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Fish #193 Atlantic Wolffish Anarhichas lupus ~ Alison Rattigan
Acrylic and collage 40 x 60 cm
They are also known by other names including sea wolf, devil fish and sea cat. It is a marine fish from the wolffish family Anarhichadidae. Its numbers are rapidly depleting due to overfishing and bycatch and thus this is causing concern to the National Marine Fisheries Service. What's really cool about this fish is that they produce a natural anti-freeze to keep their blood moving fluidly in their very cold habitat. Both male and female are involved in brood bearing and they have large sized eggs compared to other fish their size.
Alison Rattigan, biog.
I am a Lincoln based Artist, who has spent the last 15 years trying to decide on which of the wonderful mediums that I have been exposed to, I would like to develop. I love the creativity and unusual wiring that hides in the head of the individual. I am a process driven artist, who loves experimenting, my interests are varied, but I especially like painting, printing, mural painting and lampshade making. I love meeting new people and learning new skills. How can you ever be bored???
Fish #193 Atlantic Wolffish Anarhichas lupus ~ Sarah Taylor
Ceramic, crank clay 40 x 27 x 10 cm
This fish is so named because of its teeth which resemble that of a wolf, with large canines at the front and molars at the rear for grinding food, which suit its diet. However it comes under many other names Wolf Eel, Sea Wolf, Sea Cat, Devil Fish, Ocean Catfish, Atlantic Catfish and Woof Fish. This fearsome looking fish, whilst edible, is not seen in its entirety on fish counters, normally being sold as fillets under names such as Scotch Halibut, Woof or Scarborough Woof. This fish is also used to produce a high quality fish oil and the Atlantic Wolffish skin is made into a type of leather in Iceland. This is from an Icelandic tradition of shoes being made from this skin. Wolffish leather is unique in being smooth with no scales unlike other fish that are used.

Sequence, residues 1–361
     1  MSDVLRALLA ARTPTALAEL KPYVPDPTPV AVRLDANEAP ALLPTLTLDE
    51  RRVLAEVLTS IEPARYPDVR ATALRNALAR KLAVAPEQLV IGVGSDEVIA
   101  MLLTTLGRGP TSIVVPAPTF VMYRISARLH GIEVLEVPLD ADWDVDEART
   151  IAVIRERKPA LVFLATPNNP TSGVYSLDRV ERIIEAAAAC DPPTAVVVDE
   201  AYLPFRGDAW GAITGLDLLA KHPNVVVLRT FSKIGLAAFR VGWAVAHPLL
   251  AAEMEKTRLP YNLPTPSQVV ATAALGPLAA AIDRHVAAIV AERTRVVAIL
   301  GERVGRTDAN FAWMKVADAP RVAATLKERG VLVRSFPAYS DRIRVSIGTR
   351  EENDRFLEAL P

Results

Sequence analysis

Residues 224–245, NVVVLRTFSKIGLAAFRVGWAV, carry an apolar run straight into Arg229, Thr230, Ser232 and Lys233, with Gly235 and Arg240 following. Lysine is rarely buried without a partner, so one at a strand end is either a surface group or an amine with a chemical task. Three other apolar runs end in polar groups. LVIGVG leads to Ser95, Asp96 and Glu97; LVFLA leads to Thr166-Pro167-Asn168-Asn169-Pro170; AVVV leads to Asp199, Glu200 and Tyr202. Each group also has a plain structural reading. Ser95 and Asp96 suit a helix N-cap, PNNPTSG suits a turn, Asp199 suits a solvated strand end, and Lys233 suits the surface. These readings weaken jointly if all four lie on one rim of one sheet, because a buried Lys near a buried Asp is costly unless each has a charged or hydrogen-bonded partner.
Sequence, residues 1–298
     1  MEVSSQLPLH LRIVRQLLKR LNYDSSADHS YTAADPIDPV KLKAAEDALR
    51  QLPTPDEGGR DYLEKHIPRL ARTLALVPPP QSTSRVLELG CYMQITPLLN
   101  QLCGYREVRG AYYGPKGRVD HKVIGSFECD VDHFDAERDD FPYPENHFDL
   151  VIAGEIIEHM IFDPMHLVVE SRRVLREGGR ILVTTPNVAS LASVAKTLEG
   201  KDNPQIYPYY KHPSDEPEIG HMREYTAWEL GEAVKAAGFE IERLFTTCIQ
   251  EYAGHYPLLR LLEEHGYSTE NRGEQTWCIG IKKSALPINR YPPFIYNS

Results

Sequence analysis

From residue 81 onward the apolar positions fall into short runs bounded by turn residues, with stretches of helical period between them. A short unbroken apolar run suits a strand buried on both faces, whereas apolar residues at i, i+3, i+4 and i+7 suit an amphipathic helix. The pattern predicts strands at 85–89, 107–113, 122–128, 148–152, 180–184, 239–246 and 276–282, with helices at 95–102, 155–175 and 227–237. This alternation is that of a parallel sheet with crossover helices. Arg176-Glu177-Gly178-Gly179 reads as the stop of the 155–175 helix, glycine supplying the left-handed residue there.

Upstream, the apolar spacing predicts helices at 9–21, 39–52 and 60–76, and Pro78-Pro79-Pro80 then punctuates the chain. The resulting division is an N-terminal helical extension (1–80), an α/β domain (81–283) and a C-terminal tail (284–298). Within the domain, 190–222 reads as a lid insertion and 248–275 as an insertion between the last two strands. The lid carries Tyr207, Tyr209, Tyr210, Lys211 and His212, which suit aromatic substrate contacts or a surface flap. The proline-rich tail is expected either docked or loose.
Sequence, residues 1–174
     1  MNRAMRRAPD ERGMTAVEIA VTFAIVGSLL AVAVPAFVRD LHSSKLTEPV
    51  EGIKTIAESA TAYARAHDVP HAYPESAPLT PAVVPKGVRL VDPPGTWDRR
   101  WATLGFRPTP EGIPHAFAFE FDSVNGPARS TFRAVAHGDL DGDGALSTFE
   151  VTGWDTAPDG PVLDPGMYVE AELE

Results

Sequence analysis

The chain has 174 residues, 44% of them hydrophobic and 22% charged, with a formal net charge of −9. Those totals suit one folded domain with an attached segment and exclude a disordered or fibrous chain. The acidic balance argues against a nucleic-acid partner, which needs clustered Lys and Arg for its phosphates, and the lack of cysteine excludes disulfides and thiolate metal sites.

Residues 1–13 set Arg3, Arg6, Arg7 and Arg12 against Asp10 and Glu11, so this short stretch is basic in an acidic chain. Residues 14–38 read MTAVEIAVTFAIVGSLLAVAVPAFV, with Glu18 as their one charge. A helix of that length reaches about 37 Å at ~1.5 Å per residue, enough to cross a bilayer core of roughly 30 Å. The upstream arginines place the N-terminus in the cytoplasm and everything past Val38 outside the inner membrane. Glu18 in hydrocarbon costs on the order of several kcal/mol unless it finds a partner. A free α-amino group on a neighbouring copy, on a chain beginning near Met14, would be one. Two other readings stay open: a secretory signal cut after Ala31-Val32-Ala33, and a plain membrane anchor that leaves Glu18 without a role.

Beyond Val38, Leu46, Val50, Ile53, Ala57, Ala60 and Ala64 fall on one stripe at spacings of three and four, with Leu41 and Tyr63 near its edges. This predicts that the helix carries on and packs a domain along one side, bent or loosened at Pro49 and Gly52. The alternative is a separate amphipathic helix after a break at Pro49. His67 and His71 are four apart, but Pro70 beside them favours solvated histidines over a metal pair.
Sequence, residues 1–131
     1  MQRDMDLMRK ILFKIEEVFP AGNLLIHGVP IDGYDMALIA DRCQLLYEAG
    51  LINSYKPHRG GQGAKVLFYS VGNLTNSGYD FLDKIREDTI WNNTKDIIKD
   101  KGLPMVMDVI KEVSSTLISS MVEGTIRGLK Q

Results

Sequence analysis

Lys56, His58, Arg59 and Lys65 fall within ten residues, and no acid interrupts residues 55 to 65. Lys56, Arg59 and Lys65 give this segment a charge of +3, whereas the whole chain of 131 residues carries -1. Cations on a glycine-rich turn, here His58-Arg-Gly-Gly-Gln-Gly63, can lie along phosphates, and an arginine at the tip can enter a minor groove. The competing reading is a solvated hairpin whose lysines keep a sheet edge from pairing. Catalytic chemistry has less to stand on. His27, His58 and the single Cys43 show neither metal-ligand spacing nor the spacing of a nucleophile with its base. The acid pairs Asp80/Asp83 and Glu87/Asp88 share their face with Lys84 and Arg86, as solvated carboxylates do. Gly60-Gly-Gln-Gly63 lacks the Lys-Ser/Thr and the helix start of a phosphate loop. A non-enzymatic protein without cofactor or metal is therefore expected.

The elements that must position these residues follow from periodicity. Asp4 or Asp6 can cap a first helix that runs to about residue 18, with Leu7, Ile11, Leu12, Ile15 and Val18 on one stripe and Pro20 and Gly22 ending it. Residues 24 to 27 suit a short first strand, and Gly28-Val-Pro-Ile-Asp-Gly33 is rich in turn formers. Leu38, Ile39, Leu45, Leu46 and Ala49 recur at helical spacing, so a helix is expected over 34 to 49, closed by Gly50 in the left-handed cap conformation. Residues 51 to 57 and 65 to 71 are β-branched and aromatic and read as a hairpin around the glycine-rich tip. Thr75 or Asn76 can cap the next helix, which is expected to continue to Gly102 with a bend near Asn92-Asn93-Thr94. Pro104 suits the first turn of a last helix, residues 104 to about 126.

These are a potentially large breed of fish capable of growing up to 5ft in length and weighting 50lbs.
Externally they look much like an overgrown Blennie (Blennioidei). Because of their size they will take between eight to ten years to reach maturity at which time they also turn their blue colour. Their colouring is dependent on their environment and can be from slate blue to dull olive green. The breeding season takes place in the autumn and they are quite unusual in that the female lays fertilised eggs on the sea bed. The male then guards the nest until the eggs hatch which can vary from weeks to months.
Although not a fish that is intentionally targeted by trawlers they are often a by-product when caught up in the nets. It is not just the numbers of these fish being caught that is leading to their decline, but the very process of trawling is destroying their habitat, nests and breeding grounds.
The Atlantic wolfish is a solitary bottom dweller; living at depths of thirty metres and being a shy fish prefer a rocky sea bed with cracks and fissures in which to hide. Their diet consists of shellfish and crustaceans such as sea urchins, lobsters, starfish and prawns. Their diet is environmentally important in protecting the kelp beds which can become barren when the population of sea urchins becomes too great.
The United States National Marne Fisheries Service classifies it as being a "species of concern".
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